Get More Out Of Job Boards

Looking through sites like Monster and Career Builder leaves this sales oriented girl giddy. The available information is laced with leads. To see them, you need to change your focus from a job seeker to an opportunity seeker. That involves putting a sales cap on.

Job boards get a bad rap. This is mostly because people use them strictly for applying to jobs that are on the radar of the masses. With the potential for hundreds of people to be chasing the same job, it takes a lot of work and creativity to stand out. I can address how to do that in another blog. Today’s goal is to adjust the way you view job boards so you can dramatically increase the number of leads you are able to pull from them.

The key is to step back a bit and consider the content of a job board from a broader angle. Instead of simply looking up the job titles that are in your line of interest, take it up a notch. What do I mean? Let me tell you what I look for when I visit a job board.

  • What companies are hiring recruiters? Companies generally don’t need internal recruiters unless they have multiple hiring needs. Job postings for recruiters are a big flag of opportunity. Start chasing those companies immediately. You may not be seeing posts for your type of work because they don’t have a recruiter in place to man the process.
  • What information can I pull out regarding a company’s internal structure that may give me an idea of what types of positions even exist at a specific location? What departments and decision makers are noted in postings? Pull information together from whatever postings the company has to build an organizational chart. By getting an idea of the size of a company and the roles that make up its infrastructure, you can better assess if the company is likely to have the types of positions, vacant or filled, you’d be a fit for.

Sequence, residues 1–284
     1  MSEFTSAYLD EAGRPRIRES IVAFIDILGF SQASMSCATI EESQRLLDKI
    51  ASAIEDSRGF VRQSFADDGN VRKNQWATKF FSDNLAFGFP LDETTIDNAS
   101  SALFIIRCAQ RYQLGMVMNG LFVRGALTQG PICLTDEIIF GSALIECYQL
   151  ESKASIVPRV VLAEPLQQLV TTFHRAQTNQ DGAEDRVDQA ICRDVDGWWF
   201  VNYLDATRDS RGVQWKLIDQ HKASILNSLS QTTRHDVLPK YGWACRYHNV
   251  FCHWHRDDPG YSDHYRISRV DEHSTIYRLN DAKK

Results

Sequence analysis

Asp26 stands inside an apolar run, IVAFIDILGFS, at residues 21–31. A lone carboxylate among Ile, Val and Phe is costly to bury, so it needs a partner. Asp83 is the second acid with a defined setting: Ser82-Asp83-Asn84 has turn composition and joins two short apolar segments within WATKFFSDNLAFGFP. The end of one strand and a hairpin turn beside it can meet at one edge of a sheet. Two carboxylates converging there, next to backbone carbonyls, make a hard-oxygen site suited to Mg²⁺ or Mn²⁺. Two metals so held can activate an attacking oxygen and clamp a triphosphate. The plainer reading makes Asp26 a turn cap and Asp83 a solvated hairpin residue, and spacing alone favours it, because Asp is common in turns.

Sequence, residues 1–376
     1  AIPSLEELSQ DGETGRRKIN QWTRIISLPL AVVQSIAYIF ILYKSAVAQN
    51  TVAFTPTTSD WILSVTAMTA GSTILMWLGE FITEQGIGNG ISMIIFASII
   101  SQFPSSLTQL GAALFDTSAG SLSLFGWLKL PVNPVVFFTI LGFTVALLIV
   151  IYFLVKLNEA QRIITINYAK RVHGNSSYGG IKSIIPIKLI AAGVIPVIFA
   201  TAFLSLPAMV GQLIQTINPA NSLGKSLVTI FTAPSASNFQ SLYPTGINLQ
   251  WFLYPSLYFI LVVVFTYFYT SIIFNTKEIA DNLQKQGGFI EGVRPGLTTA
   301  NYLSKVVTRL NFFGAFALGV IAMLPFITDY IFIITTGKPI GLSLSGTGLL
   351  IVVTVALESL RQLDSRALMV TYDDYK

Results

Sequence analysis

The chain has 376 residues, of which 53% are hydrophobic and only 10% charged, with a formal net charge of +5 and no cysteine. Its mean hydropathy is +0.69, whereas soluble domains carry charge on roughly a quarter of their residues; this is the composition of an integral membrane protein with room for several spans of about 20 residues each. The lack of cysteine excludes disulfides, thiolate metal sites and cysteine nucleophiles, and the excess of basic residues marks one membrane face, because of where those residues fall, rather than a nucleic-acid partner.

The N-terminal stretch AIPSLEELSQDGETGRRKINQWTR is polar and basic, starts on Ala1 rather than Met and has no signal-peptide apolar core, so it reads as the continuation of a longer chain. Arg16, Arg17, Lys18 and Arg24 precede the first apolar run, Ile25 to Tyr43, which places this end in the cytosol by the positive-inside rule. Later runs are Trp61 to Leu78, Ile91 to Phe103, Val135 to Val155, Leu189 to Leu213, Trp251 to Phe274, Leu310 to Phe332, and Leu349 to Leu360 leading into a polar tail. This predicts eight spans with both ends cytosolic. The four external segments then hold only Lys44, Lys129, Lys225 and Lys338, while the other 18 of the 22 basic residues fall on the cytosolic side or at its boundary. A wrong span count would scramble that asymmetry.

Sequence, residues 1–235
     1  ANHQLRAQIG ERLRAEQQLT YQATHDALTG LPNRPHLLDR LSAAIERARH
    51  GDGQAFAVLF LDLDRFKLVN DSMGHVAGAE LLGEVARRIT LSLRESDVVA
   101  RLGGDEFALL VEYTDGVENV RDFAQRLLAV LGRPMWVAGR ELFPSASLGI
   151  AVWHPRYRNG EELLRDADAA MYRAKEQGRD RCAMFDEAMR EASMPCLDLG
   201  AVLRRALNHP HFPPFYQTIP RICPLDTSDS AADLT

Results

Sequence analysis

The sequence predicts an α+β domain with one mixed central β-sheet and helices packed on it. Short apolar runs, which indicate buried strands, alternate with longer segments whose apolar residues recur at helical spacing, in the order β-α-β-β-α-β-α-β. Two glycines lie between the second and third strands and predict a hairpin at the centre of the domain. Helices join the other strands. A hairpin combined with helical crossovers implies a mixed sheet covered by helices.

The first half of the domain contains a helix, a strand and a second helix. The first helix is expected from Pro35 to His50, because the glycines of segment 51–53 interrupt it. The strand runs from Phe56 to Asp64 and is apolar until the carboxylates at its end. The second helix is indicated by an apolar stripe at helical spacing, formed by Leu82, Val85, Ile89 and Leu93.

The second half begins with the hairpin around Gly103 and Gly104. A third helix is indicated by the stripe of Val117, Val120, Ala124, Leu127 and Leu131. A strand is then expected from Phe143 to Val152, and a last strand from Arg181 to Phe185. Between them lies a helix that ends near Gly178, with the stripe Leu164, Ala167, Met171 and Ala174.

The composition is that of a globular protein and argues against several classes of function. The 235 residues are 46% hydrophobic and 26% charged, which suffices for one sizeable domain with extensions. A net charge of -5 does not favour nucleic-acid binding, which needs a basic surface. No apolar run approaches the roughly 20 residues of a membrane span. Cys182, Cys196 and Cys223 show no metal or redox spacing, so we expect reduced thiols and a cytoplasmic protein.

• What industries do the companies with job postings belong to? If a company posting jobs on the internet is experiencing growth, it’s quite possible other companies in the same industry are too. It’s rare for just one company in an industry to be doing well. Use the likes of Google and Whitepages.com to identify other companies in that industry to target.
  • What companies have multiple postings? Many companies with multiple postings often have more opportunities than what are listed. It costs money to post positions on job boards, so companies often choose which to feature. Go directly to the websites of these companies and see if there are additional listings on their site. If you can’t find any positions that fit you, it is still beneficial to drop them a line letting them know they appear to be in hiring mode and highlighting key skills that may be valuable to their bottom line.
  • What computer software, foreign languages and certifications are companies referencing in general? Do keyword searches with any special skills you have and see what companies have referenced them, even if the skills were mentioned in positions that don’t fit your background. Perhaps you are an administrative assistant who worked heavily on an Access database and see a company looking for an Access programmer in IT. That’s may not be the job for you, but I bet when that company needs to hire administrative professionals, those who have worked on Access are preferred. Keep that company on your radar knowing you have a skill they are likely to appreciate. Reach out to them suggesting they make use of your Access abilities versus simply saying “do you have any jobs?”
  • What posts are no longer open that were listed 4-6 months ago. For the boards that allow you to go back that far, it’s a great list to check. 4-6 months is long enough for them to have hired by now and have an idea of how the person they hired is working out. If the person hired is not a fit, the company is less likely to repost the position online because it draws attention to a turnover problem. The replacement need may also be confidential at this point. Contact the manager above that position with a general inquiry about opportunities. Your resume, email or phone call may be a dream come true for them.

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